Steps toward a second round of economic stimulus have been halting at best, but a reeling retailer sector hopes lawmakers on either side of the aisle can unite for the sake of struggling consumers and businesses.
“NRF and our members have been vocal and consistent in our calls for additional, targeted fiscal stimulus and the extension of expiring coronavirus relief measures,” Matthew Shay, president and CEO of the national trade group, said Tuesday. “We are encouraged by news of bipartisan discussions about meaningful and comprehensive stimulus measures to help support consumers, small businesses, states and health care professionals.”
On Tuesday, a group of 16 lawmakers including Senator Joe Manchin (D-W.V.) proposed a bipartisan framework for coronavirus relief that includes $288 billion to resupply the Paycheck Protection Program benefiting small businesses and similarly constrained organizations.
“Millions of Americans have been impacted by the Covid-19 pandemic and are hurting, but Congress has been deadlocked for months with both sides unwilling to compromise to help our fellow Americans who are in desperate need,” Sen. Manchin said in a statement. “The bipartisan, bicameral framework announced today proves that we can reach across the aisle and create meaningful compromise that will help those who need it most for the next few months. Our $908 billion framework provides our front line healthcare providers, students, families, small businesses and workers with the support they need and deserve during this devastating pandemic.”
The renewed stimulus push comes as Covid-19 infections are rising from coast to coast, and early holiday shopping data shows mixed results. California’s confirmed cases for Dec. 2 climbed 1.7 percent from the day before, according to the state’s tracking service, underscoring the need for restrictions imposed on Nov. 21 that limit when non-essential businesses can operate. Cases are ticking up in New York, too, which has reinstated similar restrictions on businesses where people gather in large numbers.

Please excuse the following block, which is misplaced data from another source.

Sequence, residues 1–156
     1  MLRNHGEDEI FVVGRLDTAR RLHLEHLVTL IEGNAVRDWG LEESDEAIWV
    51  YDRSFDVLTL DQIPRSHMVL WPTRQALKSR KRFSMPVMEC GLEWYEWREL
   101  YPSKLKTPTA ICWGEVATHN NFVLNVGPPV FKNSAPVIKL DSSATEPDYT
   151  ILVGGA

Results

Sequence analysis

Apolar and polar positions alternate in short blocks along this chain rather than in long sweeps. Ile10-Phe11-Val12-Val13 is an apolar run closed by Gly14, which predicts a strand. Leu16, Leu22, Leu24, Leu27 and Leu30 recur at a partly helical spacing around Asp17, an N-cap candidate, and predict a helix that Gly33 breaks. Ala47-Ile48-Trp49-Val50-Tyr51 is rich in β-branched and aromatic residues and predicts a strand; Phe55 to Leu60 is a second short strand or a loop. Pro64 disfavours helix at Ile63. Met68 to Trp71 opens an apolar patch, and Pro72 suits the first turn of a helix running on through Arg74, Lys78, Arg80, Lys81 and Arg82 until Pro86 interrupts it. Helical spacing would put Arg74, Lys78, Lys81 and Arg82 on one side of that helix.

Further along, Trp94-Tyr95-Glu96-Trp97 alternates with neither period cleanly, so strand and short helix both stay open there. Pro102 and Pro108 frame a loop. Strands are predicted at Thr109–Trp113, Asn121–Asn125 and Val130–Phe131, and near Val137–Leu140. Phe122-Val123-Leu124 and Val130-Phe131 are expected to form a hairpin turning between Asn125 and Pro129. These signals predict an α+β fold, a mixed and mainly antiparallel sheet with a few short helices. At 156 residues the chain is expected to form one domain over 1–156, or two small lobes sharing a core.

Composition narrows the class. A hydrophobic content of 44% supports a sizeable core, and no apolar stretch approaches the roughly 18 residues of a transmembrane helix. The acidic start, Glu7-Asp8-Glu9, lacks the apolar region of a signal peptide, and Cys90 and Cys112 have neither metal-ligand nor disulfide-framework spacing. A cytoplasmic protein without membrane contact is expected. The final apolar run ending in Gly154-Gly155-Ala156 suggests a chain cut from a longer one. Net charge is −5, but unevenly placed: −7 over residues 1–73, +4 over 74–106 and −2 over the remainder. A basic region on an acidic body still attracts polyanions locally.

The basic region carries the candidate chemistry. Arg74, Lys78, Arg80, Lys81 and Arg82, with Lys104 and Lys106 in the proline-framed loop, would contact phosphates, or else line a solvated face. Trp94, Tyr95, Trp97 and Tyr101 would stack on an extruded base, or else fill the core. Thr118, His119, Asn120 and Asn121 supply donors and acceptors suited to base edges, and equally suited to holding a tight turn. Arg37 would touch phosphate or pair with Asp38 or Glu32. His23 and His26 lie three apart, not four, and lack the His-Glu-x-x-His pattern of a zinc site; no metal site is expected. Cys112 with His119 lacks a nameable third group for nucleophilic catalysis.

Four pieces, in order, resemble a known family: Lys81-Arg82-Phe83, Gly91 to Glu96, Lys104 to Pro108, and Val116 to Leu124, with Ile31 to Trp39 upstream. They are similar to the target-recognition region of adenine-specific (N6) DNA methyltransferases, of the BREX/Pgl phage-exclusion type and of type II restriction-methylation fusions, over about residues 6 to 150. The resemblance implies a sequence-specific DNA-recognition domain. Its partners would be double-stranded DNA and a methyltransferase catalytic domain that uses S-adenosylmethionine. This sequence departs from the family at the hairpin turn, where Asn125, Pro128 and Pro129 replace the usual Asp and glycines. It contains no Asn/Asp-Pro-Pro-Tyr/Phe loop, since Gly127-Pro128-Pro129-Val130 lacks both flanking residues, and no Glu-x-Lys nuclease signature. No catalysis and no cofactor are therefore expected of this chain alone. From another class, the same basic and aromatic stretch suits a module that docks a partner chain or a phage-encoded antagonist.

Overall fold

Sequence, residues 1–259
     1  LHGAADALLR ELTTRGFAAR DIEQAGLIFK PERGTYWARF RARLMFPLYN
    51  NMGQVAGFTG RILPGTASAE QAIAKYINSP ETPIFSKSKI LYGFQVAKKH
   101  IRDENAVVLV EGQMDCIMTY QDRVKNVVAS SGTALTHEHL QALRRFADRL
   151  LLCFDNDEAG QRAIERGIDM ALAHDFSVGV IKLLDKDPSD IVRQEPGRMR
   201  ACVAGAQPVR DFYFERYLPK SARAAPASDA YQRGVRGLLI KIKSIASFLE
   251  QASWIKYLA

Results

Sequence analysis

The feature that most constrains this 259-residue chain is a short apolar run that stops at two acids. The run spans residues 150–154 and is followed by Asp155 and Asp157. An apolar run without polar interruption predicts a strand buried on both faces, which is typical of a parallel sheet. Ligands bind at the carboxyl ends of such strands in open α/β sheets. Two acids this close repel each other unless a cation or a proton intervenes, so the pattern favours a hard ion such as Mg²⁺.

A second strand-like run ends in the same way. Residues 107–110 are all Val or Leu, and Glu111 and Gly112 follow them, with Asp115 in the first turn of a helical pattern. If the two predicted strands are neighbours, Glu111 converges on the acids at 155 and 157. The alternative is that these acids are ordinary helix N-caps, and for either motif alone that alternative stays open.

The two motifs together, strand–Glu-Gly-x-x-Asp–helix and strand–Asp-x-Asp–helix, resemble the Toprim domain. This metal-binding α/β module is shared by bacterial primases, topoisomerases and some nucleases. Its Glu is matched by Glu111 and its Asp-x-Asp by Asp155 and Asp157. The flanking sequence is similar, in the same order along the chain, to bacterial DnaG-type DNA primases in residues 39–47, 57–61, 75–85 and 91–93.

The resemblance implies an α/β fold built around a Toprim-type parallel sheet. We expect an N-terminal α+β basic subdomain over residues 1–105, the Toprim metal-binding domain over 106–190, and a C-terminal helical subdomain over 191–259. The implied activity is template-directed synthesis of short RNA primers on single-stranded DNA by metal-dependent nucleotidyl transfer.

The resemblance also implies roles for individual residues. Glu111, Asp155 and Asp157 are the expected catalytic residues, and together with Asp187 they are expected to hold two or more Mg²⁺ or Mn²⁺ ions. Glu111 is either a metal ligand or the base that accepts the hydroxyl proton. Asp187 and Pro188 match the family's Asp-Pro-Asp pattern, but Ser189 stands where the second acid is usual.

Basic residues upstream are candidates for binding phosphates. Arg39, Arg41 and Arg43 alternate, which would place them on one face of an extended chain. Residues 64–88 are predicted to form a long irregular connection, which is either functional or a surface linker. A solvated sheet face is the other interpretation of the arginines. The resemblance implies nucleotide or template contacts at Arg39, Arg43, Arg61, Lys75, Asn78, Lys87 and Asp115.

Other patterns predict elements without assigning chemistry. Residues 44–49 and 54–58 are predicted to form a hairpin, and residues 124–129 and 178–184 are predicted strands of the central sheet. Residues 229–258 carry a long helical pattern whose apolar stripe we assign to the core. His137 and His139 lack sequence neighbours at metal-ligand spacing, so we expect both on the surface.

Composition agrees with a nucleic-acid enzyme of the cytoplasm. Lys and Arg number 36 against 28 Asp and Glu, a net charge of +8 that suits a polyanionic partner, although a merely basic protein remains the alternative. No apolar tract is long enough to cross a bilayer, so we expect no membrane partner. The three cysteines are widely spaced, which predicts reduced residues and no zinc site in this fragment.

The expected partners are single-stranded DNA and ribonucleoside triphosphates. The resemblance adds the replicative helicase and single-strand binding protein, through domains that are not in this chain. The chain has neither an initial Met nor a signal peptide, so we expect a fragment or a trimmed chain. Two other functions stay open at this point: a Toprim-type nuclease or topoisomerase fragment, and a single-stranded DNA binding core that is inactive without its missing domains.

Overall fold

Meanwhile, store traffic slumped over Thanksgiving weekend, as many consumers opted to stay away from bustling malls and spend their dollars online instead. Footfall from Thanksgiving and Black Friday through Sunday fell 49 percent from the prior year, Sensormatic Solutions reported Tuesday.
All of this lends exigent gravity to the call for a second stimulus.
“We urge Senate and House leadership to move expeditiously and pass stimulus legislation,” Shay said. “A bipartisan plan to keep the economy moving in the right direction with job creation and sustainable economic growth is urgently needed.”
AAFA president and CEO Steve Lamar minced no words in spurring senators and representatives to stitch together a workable solution.
“Covid-19 management and relief through stimulus measures must be priority number one for all decision makers at this time,” he said, noting the outbreak’s “devastating” impact on the nation’s apparel and footwear industry that has put millions of jobs at risk. “Additional economic relief truly cannot be postponed any longer. Our industry needs to see a final stimulus package that includes key provisions such as Paycheck Protection Program (PPP) extension/expansion; trade credit insurance; Employee Retention Tax Credit (ERTC) expansion; legal liability protection; return to work incentives; Healthy Workplaces Tax Credit; and duty drawback for charitable donations.”
Retailers of clothing and shoes sorely need assistance, he said, because they are “keeping store operations safe and open for workers and consumers while they provide critical supplies and warm-weather apparel and footwear this holiday shopping season.”
Lamar added, “we’ve joined a coalition that touches every part of the economy—encompassing all parts of the private and public sector, locally, and nationally—to make sure we are aligned to solve the economic crisis unleashed by the pandemic. Together, the coalition is articulating why we need coronavirus relief now.”